Everything You Need To Know Before Going To The Azores Island

Azores Colourful Shore
Azores Islands, Portugal

If you are considering travelling to the Azores as your next destination, I can tell you without a doubt that it will be one of the most rewarding and memorable trips of your life. It has been three years since I’ve visited these breathtaking Portuguese islands and honestly I feel like going back all the time.

The Azores are without a doubt the perfect destination to completely disconnect yourself from your usual daily life and just enjoy the nature around you. Disconnecting yourself from the world can be really hard to do but at every direction you look there is going to be an astonishing landscape like nothing you’ve ever seen before. 

In total, there are nine volcanic islands: Corvo, Flores, Graciosa, Faial, Pico, San Jorge, Terceira, Santa Maria and the capital, San Miguel. Each with its unique natural beauty, cuisine and activities to do. I suggest visiting as many as possible, since each island has its own unique environment and beauty. 

How to Get There

You can reach all nine islands with SATA airlines, from the east side of the archipelago the flight from Lisbon is just two hours away and from the west side it’s a four hours flight from New York. The international flights arrive at the capital and largest island of Sāo Miguel, at the Ponta Delgada airport. National flights from Lisbon go directly to other islands like Horta, Terceira, Santa Maria as well. During high-season (July and August), SATA offers flights to and from Boston, Oakland, Porto, Lisbon, Faro, Frankfurt, Paris, Dublin, London, Amsterdam and the Canary Islands. 

Weather & Environment

As small islands located literally in the middle of the gigantic Atlantic Ocean, the weather of the Azores is perfect for a warm destination in the winter and a cool destination in the summer. It is always warm but not too intensely hot. Spring is probably the most beautiful season to visit the islands, especially in Flores, which directly translates to flowers. The islands’ volcanic origin has given the Azores several unique landscapes. Like the grey beach shore Steaming hot pools are everywhere …

Where to Stay

In order to preserve the environment hotels are limited but with high quality, making it much easier to choose where to stay. 

The most common housing accommodations are the rural farmhouse hotels, which are cute restored farmhouses and manor houses previously owned by locals. Majority of the houses face towards the sea with beautiful seashore at the front and green nature in the back.

The islands also have several beautiful resort hotels with great value for money.

Since there is so much preserved land, most hotels also include restaurants with local food and leisure areas. Local friendly owners always interested in making sure you have the best visit.

For the couples, there are also isolated cabins with incredible views of the sea.

Getting Around

As preserved islands, the only two ways to get around within the island is by foot and by car. Your hotel will most likely pick you up and drop you off at the airport. From the hotel, you can freely explore the beautiful landscapes, waterfalls and coastlines. Before heading out, I suggest talking to your hotel assistants to recommend which hiking path is best for the day according to the weather and the season.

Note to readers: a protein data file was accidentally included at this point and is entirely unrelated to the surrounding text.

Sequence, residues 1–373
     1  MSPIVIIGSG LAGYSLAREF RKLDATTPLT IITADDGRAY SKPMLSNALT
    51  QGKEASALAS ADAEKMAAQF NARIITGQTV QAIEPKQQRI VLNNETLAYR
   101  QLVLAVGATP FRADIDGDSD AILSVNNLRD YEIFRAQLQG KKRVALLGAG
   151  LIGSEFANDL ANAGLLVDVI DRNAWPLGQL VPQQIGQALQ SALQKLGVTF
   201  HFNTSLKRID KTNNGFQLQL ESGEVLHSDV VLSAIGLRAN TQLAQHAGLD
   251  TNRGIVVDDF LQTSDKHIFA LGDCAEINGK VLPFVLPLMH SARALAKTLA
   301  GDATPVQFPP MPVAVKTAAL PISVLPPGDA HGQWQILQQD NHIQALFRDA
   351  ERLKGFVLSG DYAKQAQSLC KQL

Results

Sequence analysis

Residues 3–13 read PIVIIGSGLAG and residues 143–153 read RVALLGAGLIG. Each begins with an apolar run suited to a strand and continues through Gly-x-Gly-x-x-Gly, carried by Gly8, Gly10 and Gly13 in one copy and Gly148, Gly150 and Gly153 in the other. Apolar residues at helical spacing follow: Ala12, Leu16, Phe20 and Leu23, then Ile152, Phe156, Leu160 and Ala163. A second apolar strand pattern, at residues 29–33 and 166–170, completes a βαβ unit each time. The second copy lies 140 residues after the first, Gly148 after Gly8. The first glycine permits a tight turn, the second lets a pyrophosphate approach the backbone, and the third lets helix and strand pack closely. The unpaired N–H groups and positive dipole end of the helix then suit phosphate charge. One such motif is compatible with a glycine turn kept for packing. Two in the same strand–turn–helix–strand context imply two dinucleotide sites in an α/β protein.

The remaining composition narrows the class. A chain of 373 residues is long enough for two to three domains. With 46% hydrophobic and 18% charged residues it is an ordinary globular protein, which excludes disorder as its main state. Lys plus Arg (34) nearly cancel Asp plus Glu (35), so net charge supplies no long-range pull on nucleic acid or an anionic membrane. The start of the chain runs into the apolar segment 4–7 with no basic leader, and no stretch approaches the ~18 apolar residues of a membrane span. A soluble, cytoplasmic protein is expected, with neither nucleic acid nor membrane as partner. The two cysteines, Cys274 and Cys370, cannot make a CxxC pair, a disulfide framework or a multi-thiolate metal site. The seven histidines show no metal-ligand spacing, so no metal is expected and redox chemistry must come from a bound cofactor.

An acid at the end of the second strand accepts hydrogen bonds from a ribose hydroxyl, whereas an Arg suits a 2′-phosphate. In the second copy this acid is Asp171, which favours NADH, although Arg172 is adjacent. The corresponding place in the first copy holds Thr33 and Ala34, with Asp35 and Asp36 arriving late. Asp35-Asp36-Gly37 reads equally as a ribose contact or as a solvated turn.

If you do not want to explore by foot, renting a jeep, quad, tuk-tuk or a motorcycle is quite easy and cheap. Cemented roads and phone connection are quite rare in most islands, so make sure to have a physical map with you. But just in case you get lost, you don’t have anything to worry at all. The islands are completely safe from dangerous animals and crime. 

Hiring a taxi for half- day tour is cheap and the most comfortable way to get around with a local driver and guide. Azoreans are very proud and dedicated to their history and culture and are always happy to share it with visitors.

The best way to get from one island to another is by boat. Since the islands are quite close to each other it is quite easy to go on a day trip. During my trip, I was able to visit five of the nine islands but only stayed at two. From Flores island, I visited Corvo, Graciosa and Faial which is so close to Pico, that I had incredible views of it’s mesmerising volcano without actually going there. Island hopping is super easy with the local scheduled ferry boat services.

What to Eat

As a subtropical destination, many delicious fruits grow in the Azores, with pineapples as the national fruit.
Some delicious meals you should try Stew called cozida, which is prepared by placing a pot in a hole in the ground, as the volcanic warm ground naturally cooks. 

The cuisine of these volcanic farming islands is very simple but incredibly fresh, delicious and natural. If you are always looking for the freshest ingredients to cook with, then you will love Azorean cuisine. Each island has its own local dishes depending on what vegetables and animals are in the area.

Generally, seafood is a common dish

With the combination of endless open fields and humid weather all year round, Azorean tea plantation is very big especially in the main island of San Miguel.

Main Activities

Apart from hiking to the landscapes, the Azores Islands’ are famous for their aquatic activities. With so much unspoiled space, you can basically do all kinds of sports in the Azores – hiking, sailing, canyoning, surfing, horseback riding, you name it.